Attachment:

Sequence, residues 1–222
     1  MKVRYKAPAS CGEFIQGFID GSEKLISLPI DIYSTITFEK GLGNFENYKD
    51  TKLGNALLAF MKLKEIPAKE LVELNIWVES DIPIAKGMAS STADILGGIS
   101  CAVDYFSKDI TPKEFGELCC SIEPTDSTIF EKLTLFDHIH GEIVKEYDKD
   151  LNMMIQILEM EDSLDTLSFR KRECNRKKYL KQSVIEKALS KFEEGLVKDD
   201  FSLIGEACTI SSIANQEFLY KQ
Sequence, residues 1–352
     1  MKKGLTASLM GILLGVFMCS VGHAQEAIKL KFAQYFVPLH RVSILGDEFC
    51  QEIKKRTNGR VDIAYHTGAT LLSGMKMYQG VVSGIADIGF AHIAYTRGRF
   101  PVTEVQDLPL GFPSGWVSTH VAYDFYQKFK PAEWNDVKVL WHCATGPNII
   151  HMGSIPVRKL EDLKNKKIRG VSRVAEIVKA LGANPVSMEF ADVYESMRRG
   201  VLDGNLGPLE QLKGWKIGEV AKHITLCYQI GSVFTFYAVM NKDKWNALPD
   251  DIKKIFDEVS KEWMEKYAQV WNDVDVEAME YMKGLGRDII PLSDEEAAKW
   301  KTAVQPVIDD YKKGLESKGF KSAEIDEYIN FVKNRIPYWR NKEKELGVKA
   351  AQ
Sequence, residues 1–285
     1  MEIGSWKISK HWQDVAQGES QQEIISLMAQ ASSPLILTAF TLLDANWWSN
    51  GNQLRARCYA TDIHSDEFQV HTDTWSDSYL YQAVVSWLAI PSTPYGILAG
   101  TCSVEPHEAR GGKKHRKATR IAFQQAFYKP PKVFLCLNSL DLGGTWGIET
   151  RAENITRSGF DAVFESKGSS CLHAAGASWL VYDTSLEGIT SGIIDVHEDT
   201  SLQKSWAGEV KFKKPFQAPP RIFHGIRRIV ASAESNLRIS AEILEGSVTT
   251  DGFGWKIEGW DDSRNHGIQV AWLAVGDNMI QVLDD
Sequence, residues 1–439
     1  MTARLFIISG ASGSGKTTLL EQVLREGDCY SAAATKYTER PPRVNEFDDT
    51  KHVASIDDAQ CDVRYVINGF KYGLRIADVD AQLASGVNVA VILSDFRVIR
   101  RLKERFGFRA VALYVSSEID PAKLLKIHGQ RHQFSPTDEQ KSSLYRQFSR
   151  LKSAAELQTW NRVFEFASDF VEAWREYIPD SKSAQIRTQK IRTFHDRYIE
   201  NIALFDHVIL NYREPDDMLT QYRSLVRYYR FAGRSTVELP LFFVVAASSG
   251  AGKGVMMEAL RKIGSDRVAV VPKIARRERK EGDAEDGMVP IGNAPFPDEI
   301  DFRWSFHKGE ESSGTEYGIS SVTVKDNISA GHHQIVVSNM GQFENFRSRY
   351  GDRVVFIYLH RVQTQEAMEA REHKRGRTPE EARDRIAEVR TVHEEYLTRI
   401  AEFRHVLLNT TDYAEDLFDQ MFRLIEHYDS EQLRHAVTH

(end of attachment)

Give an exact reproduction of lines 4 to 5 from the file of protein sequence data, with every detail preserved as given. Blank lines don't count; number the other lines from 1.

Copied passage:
   101  CAVDYFSKDI TPKEFGELCC SIEPTDSTIF EKLTLFDHIH GEIVKEYDKD
   151  LNMMIQILEM EDSLDTLSFR KRECNRKKYL KQSVIEKALS KFEEGLVKDD